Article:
LC100 IFS - The facts

Submitted: Tuesday, Jun 08, 2004 at 13:21
ThreadID: 13583 Views:2644 Replies:5 FollowUps:5
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OK everyone here's the final word (from me) on this subject.

This relates to the problems I was having getting facts regarding the OME IFS Suspension settings, also some facts about clearance on the IFS LC100's which (IMHO) show some advantage over a live axle.

Wheel drop is the critical measure on these setups measured by the change in distance from rim to guard (I measure vertically from bottom of rim through the center of the hub to the guard to ensure its the same each measure) from standing to when the vehicle is jacked until front wheel is off the ground.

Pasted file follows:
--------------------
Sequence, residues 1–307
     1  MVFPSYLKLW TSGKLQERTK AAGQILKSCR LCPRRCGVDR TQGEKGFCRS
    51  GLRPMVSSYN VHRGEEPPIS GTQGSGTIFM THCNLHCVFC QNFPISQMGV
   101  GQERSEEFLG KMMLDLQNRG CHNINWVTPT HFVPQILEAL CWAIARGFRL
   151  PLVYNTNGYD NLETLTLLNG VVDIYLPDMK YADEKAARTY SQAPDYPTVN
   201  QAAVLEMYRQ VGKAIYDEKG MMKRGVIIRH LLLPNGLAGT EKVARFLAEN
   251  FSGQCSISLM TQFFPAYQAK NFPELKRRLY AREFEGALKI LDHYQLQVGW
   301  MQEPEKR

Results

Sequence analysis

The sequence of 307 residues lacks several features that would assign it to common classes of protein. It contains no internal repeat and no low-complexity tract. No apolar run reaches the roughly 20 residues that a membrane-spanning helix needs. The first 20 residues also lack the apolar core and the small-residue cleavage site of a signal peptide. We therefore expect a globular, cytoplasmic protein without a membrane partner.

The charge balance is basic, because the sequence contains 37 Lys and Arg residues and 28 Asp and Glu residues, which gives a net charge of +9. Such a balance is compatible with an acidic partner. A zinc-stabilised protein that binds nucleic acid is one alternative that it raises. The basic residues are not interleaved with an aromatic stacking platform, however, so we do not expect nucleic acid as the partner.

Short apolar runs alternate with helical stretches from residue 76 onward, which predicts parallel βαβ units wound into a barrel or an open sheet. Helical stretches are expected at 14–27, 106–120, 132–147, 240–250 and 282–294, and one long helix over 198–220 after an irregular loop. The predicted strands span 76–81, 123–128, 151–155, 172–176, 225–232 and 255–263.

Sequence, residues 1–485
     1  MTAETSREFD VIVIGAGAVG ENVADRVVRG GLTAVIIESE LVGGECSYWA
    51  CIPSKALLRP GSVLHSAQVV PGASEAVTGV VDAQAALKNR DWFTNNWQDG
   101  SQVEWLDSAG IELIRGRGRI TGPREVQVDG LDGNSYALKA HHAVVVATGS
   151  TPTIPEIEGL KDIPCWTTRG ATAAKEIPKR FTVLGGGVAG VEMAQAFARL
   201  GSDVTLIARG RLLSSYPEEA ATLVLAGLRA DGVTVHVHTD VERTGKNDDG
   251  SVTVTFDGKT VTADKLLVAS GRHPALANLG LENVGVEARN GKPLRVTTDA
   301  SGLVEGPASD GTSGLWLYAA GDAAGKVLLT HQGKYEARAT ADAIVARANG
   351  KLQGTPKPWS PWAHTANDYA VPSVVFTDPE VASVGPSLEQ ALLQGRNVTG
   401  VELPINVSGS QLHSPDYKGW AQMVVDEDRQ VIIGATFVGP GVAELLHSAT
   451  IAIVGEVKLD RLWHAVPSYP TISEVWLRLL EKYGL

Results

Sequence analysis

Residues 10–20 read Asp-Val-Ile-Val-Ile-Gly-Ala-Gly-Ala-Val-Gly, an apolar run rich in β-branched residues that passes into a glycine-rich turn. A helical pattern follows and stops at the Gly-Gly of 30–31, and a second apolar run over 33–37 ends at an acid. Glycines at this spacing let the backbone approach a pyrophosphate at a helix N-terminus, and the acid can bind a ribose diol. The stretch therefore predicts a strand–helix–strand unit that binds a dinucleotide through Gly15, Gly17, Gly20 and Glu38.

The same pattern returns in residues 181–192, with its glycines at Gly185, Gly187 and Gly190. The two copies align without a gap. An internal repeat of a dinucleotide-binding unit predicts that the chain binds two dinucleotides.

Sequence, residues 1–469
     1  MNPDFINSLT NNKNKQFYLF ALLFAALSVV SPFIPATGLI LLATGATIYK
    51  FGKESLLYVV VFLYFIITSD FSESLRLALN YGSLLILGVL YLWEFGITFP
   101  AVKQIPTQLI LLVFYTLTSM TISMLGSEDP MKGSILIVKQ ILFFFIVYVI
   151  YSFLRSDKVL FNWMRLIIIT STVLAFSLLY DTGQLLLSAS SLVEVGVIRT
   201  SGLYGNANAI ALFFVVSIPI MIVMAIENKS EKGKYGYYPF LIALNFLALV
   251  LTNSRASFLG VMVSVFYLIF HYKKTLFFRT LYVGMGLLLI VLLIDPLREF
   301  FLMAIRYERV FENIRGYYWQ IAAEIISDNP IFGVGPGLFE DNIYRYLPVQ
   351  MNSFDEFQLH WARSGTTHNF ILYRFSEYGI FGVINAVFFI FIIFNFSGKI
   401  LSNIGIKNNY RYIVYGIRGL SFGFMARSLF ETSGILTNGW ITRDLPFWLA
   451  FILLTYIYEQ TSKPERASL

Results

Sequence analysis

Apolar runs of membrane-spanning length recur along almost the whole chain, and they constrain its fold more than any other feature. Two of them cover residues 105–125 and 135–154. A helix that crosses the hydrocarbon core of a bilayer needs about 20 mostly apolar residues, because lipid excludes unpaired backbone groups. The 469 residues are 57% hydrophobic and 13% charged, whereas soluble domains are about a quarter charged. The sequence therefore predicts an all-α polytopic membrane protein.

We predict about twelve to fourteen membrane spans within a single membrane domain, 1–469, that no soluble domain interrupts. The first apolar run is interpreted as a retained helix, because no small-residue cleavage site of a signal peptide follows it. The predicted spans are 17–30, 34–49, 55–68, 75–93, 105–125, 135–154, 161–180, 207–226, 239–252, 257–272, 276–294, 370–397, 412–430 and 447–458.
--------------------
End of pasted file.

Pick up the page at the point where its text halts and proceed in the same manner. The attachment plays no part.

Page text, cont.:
I measured the LC100 last night and resolved the following:

Wheel Drop = 75mm (This means I could raise the vehicle no more than 15mm more as ARB require a minimum of 60mm. I will wait for the suspension to settle first) Based on this, I calculate the lift from factory to be 30mm. This number is a bit rubbery (pun?) because I was incorrectly using the floor to guard measure instead of the rim to guard measure at the time of the first measure before the fit.

The 285/75/16's have added a further 25mm so the front end is 55mm from factory off the ground.

I measured the ground clearance under the front diff at 325mm.
The clearance at the wheel, where the front-end really is a disadvantage, was 245mm.
The clearance under the rear diff was 240mm.

Thems the facts - Now for the editorial *grin*